Only a union vote stands in the way of ending a 113-day NHL lockout. A tentative deal was reached Sunday. NHL Commissioner Gary Bettman said the 10-year deal is largely the handiwork of mediator Scot L. Beckenbaugh, who eased tensions and smoothed contentious issues during a 16-hour bargaining session that ended with detailed framework of a new collective bargaining agreement around 4 a.m. ET Sunday.
“Don Fehr and I are here to tell you that we have reached an agreement on the framework of a new collective bargaining agreement, the details of which need to be put to paper,” Bettman said.
“We have to dot a lot of I’s and cross a lot of T’s. There is still a lot of work to be done, but the basic framework has been agreed upon. We have to go through a ratification process and the Board of Governors has to approve it from the league side and, obviously, the players have to approve it as well.”
Bettman had set a drop-dead date of Jan. 11 to complete a deal and fears were widespread that a full season would be lost as it was in 2004-05.
The union said the goal is to begin the regular season no later than Jan. 19 with every team playing at least 48 games. Specific scheduling details were one of the primary issues left to sort out.
The salary cap for the first year is set at $60 million, but teams have an allowance of up to $70.2 million in the transition period. The salary floor — the minimum player salary payroll for every team — is $44 million.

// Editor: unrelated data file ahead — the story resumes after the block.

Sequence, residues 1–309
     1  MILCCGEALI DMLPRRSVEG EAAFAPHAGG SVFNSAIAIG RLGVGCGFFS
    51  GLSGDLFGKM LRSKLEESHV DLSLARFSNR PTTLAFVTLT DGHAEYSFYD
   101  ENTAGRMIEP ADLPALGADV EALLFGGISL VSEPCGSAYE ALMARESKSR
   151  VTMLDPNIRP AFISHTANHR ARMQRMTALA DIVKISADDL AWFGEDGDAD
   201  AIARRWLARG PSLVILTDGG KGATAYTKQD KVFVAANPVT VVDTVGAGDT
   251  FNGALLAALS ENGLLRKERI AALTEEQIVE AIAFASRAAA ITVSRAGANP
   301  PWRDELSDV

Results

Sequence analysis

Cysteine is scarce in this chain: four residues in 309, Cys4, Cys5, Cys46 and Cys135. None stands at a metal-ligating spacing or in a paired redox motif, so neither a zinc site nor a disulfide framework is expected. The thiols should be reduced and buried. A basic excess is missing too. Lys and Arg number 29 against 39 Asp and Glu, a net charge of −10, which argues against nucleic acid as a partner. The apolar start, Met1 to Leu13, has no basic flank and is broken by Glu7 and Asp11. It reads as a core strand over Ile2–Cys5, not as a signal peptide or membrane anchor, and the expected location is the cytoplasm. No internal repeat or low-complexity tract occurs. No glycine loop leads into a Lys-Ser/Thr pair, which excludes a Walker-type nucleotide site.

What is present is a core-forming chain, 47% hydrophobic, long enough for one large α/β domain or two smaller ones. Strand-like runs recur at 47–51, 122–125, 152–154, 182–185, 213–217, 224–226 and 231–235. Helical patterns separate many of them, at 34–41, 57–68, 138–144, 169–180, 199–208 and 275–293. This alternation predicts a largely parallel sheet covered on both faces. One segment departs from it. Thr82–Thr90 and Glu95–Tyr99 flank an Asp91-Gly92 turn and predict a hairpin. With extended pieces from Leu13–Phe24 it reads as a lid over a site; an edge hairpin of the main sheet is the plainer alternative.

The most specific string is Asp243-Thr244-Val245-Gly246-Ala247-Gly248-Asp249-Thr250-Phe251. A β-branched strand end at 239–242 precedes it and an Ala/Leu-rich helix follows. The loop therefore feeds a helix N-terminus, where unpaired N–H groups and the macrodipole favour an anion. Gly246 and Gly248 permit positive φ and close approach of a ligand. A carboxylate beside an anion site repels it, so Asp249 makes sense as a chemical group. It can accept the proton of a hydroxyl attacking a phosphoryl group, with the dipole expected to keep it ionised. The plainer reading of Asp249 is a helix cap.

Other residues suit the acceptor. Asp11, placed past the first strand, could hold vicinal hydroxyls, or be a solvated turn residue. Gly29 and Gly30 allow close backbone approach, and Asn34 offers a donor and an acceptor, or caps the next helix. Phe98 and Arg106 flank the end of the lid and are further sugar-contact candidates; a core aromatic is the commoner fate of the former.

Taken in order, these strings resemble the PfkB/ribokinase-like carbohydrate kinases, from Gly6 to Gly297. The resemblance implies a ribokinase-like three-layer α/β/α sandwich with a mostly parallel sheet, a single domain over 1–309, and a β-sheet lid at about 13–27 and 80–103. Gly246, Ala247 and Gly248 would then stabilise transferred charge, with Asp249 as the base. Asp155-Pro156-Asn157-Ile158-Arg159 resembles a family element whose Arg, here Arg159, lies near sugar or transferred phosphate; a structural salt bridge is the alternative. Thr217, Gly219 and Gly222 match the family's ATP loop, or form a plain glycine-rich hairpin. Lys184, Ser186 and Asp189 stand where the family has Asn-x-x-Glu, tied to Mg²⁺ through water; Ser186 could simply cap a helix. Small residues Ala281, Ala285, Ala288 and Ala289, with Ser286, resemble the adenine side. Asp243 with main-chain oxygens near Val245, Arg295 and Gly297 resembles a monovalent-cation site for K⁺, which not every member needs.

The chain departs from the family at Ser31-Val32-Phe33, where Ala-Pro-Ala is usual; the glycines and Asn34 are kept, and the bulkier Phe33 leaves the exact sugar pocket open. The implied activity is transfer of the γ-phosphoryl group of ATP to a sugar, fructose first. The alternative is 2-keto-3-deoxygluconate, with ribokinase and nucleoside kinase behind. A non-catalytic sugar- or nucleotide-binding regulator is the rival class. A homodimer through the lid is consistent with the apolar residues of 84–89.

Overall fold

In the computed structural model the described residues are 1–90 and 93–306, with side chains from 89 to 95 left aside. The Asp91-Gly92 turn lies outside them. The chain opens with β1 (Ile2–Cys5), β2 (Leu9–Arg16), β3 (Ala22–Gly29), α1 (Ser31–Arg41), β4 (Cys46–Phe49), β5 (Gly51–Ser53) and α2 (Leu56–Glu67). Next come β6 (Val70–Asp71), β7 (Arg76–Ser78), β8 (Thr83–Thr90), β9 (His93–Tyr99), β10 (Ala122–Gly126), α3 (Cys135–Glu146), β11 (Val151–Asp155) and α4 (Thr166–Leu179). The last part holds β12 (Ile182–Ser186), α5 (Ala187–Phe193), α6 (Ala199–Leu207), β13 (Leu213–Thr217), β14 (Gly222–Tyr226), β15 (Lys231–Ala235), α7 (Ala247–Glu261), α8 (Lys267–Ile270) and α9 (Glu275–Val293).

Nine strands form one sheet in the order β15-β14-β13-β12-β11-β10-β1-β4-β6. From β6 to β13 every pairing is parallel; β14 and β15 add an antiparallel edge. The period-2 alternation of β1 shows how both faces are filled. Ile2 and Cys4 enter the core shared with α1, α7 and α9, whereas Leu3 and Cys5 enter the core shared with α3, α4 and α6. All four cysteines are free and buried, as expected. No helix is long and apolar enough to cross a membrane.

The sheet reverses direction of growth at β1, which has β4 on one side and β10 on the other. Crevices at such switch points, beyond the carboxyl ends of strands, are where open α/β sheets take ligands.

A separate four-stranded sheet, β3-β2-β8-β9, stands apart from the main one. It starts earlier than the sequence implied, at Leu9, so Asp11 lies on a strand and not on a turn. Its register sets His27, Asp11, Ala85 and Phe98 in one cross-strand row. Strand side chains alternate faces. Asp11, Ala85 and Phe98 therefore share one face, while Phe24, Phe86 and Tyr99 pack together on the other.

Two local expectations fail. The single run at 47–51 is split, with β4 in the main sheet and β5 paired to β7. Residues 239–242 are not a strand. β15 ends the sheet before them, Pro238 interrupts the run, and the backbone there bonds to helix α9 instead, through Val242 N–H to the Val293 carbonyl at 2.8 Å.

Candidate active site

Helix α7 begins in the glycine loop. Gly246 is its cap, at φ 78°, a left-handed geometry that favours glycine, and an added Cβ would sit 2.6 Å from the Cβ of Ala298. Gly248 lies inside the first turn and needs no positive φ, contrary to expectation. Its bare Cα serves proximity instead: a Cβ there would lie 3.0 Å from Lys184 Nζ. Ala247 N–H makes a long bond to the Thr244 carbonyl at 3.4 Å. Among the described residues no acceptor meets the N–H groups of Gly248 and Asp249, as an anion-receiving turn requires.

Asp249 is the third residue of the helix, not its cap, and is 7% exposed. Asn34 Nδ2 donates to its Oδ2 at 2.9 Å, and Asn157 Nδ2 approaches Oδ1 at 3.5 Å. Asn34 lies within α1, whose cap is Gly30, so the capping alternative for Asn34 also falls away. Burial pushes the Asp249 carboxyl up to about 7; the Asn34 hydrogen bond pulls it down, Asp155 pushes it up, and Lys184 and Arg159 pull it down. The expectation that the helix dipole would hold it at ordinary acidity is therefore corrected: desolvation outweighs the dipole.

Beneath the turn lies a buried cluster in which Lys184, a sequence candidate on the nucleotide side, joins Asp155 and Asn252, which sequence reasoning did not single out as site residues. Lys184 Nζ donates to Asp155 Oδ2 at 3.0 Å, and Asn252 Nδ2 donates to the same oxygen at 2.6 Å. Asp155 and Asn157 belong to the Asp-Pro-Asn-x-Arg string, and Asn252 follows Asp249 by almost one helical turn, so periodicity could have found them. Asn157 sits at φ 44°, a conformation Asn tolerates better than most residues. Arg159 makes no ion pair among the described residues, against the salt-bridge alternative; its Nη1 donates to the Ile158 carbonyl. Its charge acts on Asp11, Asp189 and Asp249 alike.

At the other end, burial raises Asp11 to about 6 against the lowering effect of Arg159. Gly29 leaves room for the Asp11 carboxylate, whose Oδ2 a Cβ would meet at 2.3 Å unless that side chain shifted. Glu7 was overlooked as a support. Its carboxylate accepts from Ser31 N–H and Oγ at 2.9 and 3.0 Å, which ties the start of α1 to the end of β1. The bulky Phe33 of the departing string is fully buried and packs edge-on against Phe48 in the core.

Beckenbaugh was able to get each side to make major concessions, and introduced a pension plan as a solution to the heated debate over revenue splits. The last CBA afforded players a 57 percent cut.
Discussions didn’t resolve whether players would participate in the 2014 Winter Olympics which could work against the league’s plan to establish a World Cup of Hockey.
The new CBA calls for a variance of 35 percent on multi-year contracts, a huge jump from the 5 percent owners wanted.
The free agency period will still begin July 1; players were hoping for a 10-day gap to at least the second week of July. Because of the lockout, the 2013 season won’t likely end until the last week of June.
The players’ union said its position hasn’t changed after four months of hardball negotiations with owners.
“Any process like this in the system we have is difficult,” said NHLPA executive director Donald Fehr. “It can be long. I’ve said repeatedly throughout this process that — when somebody would say what do you see ahead, the answer is you get up tomorrow and you try to find a way to do it and you keep doing that until you find a way to succeed.”